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    $\begingroup$ Perhaps your suggestion is valid in other scenarios of which I am not familiar -- and you have an enormous amount of experience compared with my very minimal experience! -- but I have to respectfully say that I strongly disagree that this would be effective in the scenario described by the OP -- and in maths in general, which is very black-and-white in these ways $\endgroup$ – Sam T Jul 22 at 10:30
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    $\begingroup$ Building on "right answer to a different question" you can explain that it's easier to verify if an integral is correct than to derive it, and show that the "wrong" answer is the integral of 2x/(1+x2) (right?). $\endgroup$ – Hans Olsson Jul 22 at 15:37
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Here's another approach when there is a common pitfall that you wish the students to avoid. After teaching the correct reasoning: present the error to the class and ask a student to identify, explain, and correct the mistake. Being able to correct others' mistakes shows a high-level of understanding, and students who make that same mistake might be able to realize and fix it after seeing how.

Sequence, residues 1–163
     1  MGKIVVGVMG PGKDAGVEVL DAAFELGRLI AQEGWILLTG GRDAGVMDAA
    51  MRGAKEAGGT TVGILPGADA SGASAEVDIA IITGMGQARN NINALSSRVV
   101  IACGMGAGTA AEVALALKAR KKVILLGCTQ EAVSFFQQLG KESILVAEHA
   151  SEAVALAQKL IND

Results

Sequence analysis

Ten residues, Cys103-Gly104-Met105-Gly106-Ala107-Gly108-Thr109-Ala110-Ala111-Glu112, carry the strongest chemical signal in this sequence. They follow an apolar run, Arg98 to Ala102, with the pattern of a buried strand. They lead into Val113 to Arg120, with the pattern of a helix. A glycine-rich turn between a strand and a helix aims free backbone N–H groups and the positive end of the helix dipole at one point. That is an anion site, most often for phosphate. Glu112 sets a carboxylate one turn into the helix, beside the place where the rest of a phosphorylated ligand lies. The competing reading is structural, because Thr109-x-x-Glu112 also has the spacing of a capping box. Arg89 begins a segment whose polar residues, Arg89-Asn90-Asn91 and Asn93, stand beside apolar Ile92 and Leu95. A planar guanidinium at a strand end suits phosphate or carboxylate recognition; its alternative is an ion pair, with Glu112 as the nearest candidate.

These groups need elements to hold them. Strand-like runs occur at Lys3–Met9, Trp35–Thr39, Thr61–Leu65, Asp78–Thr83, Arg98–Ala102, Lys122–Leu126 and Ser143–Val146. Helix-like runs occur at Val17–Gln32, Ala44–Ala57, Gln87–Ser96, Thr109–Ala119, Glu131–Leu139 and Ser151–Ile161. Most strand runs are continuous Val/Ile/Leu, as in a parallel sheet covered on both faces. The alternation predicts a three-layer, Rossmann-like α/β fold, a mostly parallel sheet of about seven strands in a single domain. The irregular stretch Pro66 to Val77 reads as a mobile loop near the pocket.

Then, the students are forming an understanding of why a mistake is wrong, rather than thinking that it is actually correct.

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  • $\begingroup$ Are they now scared of making mistakes because they'll have to do public speaking? $\endgroup$ – user253751 Jul 22 at 12:03
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    $\begingroup$ @user253751 I don't think Eliza is suggesting that you allow a student to make the mistake and then challenge them to correct it. Rather, the suggestion is that the teacher "make the mistake" and then ask someone in the class to identify/explain/correct it. $\endgroup$ – Doug Deden Jul 22 at 19:58
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    $\begingroup$ At university, I found that others asking me for help greatly improved my work because they essentially found and explained the difficult parts of the questions. It's much easier finding fault in the work of others! I like the technique that simulates that approach (the student doesn't feel stupid for the initial wrong answer). $\endgroup$ – Philip Oakley Aug 5 at 9:54
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I don't think you have anything to be afraid of here, unless you spend all of your time playing what-if games with common pitfalls, or peppering the board with false statements and not clarifying them as such. As a class conversation about mistakes-to-avoid or a way to encourage students to always check their answers, I think bringing these up can be really helpful.